Subroutines and Signatures

NAME

"Perl 5 to 6" Lesson 04 - Subroutines and Signatures

2015-02-25

SYNOPSIS

```    # sub without a signature - perl 5 like
sub print_arguments {
say "Arguments:";
for @_ {
say "\t\$_";
}
}

# Signature with fixed arity and type:
sub distance(Int \$x1, Int \$y1, Int \$x2, Int \$y2) {
return sqrt (\$x2-\$x1)**2 + (\$y2-\$y1)**2;
}
say distance(3, 5, 0, 1);

# Default arguments
sub logarithm(\$num, \$base = 2.7183) {
return log(\$num) / log(\$base)
}
say logarithm(4);       # uses default second argument
say logarithm(4, 2);    # explicit second argument

# named arguments

sub doit(:\$when, :\$what) {
say "doing \$what at \$when";
}
doit(what => 'stuff', when => 'once');  # 'doing stuff at once'
doit(:when<noon>, :what('more stuff')); # 'doing more stuff at noon'
# illegal: doit("stuff", "now")```

DESCRIPTION

Subroutines are declared with the `sub` keyword, and can have a list of formal parameters, just like in C, Java and most other languages. Optionally these parameters can have type constraints.

Parameters are read-only by default. That can be changed with so-called "traits":

```    sub try-to-reset(\$bar) {
\$bar = 2;       # forbidden
}

my \$x = 2;
sub reset(\$bar is rw) {
\$bar = 0;         # allowed
}
reset(\$x); say \$x;    # 0

sub quox(\$bar is copy){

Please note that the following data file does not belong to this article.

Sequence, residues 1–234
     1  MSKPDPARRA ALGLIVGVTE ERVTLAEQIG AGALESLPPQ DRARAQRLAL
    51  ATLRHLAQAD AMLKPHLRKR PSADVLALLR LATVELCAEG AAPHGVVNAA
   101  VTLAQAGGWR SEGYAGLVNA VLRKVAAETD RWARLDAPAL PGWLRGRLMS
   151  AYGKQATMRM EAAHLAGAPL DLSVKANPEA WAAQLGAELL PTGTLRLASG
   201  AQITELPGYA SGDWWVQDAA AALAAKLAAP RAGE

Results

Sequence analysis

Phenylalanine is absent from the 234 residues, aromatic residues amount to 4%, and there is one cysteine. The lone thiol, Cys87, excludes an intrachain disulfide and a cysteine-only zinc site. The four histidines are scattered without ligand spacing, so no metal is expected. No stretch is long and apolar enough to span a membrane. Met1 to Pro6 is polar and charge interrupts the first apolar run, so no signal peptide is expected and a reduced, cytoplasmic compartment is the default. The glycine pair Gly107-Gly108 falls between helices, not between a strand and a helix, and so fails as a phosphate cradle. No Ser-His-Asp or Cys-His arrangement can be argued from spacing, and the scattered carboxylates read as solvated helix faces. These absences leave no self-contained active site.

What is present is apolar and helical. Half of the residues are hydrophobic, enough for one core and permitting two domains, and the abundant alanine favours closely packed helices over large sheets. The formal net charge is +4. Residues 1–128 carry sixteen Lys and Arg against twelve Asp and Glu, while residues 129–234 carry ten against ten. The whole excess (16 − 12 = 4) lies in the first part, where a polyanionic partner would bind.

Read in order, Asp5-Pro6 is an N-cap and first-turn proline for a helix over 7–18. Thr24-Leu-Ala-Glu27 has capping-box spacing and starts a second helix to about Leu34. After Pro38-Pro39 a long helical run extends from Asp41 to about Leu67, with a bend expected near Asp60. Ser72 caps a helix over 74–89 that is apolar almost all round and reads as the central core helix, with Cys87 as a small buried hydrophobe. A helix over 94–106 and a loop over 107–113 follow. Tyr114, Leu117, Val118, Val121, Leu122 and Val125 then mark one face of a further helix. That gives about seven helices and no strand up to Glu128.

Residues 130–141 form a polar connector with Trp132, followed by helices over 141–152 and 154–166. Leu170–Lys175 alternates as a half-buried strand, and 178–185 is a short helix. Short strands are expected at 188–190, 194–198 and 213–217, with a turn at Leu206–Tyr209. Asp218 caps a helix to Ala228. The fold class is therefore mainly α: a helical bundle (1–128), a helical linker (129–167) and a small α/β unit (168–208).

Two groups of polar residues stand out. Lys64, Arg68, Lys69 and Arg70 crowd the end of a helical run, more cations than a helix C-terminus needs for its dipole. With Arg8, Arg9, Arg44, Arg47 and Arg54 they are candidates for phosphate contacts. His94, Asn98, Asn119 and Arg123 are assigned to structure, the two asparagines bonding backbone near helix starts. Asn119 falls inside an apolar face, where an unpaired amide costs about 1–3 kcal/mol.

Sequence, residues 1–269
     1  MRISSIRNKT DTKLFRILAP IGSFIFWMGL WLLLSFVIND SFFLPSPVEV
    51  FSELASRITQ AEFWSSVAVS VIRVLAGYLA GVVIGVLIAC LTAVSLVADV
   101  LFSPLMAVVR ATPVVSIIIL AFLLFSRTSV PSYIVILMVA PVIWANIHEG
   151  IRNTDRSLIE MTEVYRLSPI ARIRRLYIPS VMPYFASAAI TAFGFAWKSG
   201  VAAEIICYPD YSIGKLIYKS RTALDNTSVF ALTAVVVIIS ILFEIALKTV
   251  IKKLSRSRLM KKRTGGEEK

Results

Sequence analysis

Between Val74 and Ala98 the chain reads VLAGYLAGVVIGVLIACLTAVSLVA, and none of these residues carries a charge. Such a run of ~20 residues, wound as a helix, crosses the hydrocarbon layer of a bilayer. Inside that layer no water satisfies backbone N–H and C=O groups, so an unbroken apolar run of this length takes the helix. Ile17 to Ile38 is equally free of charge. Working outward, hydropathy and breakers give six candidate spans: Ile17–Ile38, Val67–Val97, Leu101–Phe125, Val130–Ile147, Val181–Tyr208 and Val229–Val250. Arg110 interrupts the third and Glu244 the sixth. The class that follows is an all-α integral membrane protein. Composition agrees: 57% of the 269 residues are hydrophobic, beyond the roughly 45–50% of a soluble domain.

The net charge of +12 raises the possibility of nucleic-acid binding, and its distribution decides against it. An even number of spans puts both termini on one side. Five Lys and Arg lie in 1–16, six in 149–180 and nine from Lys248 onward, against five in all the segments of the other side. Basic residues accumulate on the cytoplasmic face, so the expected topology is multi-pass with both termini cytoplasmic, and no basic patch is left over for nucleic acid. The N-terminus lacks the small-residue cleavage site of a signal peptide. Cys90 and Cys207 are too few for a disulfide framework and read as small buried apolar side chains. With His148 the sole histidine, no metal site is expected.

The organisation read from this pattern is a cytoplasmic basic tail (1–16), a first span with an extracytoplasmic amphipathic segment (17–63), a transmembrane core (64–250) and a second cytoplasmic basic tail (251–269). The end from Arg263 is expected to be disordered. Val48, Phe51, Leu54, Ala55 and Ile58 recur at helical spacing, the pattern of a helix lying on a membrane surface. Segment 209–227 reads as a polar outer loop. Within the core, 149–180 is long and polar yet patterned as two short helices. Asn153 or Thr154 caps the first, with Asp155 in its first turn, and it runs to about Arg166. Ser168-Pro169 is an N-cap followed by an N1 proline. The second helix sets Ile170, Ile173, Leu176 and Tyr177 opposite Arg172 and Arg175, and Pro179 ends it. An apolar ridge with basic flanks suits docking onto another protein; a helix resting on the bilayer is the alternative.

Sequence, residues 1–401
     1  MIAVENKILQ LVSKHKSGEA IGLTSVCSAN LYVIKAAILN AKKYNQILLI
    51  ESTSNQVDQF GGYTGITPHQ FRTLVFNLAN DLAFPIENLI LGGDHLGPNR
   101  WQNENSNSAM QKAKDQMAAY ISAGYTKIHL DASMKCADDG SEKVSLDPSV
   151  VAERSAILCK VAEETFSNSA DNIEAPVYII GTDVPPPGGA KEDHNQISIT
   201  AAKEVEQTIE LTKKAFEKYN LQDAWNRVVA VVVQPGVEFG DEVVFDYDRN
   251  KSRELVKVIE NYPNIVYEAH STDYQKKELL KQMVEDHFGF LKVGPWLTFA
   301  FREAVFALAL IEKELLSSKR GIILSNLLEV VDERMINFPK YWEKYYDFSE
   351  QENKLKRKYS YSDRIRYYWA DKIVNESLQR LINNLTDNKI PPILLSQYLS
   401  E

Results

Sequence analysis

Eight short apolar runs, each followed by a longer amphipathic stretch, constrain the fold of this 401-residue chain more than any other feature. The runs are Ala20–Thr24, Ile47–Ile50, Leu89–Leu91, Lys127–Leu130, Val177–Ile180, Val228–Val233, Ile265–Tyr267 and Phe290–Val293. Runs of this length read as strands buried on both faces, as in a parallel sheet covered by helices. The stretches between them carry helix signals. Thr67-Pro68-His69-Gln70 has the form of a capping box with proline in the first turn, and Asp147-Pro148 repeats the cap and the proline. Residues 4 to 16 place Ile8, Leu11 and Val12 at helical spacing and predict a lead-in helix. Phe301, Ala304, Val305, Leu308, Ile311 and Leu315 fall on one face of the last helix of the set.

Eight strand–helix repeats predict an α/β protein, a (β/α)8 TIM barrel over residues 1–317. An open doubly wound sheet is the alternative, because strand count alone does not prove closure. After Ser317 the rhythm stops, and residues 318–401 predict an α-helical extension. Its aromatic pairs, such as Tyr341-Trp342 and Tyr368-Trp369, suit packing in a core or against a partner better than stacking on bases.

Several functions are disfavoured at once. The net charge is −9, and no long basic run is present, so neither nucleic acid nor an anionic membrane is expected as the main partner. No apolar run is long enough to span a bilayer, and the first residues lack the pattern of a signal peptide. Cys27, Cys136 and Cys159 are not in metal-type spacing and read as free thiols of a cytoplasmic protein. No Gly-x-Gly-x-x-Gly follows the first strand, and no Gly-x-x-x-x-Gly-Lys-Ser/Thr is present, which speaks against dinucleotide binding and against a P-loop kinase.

\$bar = 3;
}
quox(\$x); say \$x    # still 0```

Parameters can be made optional by adding a question mark `?` after them, or by supplying a default value.

```    sub foo(\$x, \$y?) {
if \$y.defined {
say "Second parameter was supplied and defined";
}
}

sub bar(\$x, \$y = 2 * \$x) {
...
}```

Named Parameters

When you invoke a subroutine like this: `my_sub(\$first, \$second)` the `\$first` argument is bound to the first formal parameter, the `\$second` argument to the second parameter etc., which is why they are called "positional".

Sometimes it's easier to remember names than numbers, which is why Perl 6 also has named parameters:

```    my \$r = Rectangle.new(
x       => 100,
y       => 200,
height  => 23,
width   => 42,
color   => 'black'
);```

When you see something like this, you immediately know what the specific arguments mean.

To define a named parameter, you simply put a colon `:` before the parameter in the signature list:

```    sub area(:\$width, :\$height) {
return \$width * \$height;
}
area(width => 2,  height => 3);
area(height => 3, width => 2 ); # the same
area(:height(3), :width(2));    # the same```

The last example uses the so-called colon pair syntax. Leaving off the value results in the value being `True`, and putting a negation in front of the name results in the value being `False`:

```    :draw-perimeter                 # same as "draw-perimeter => True"
:!transparent                   # same as "transparent => False"```

In the declaration of named parameters, the variable name is also used as the name of the parameter. You can use a different name, though:

```    sub area(:width(\$w), :height(\$h)){
return \$w * \$h;
}
area(width => 2,  height => 3);```

Named parameters are optional by default, so the proper way to write the sub above would be

```    sub area(:\$width!, :\$height!) {
return \$width * \$height;
}```

The bang `!` after the parameter name makes it mandatory.

Slurpy Parameters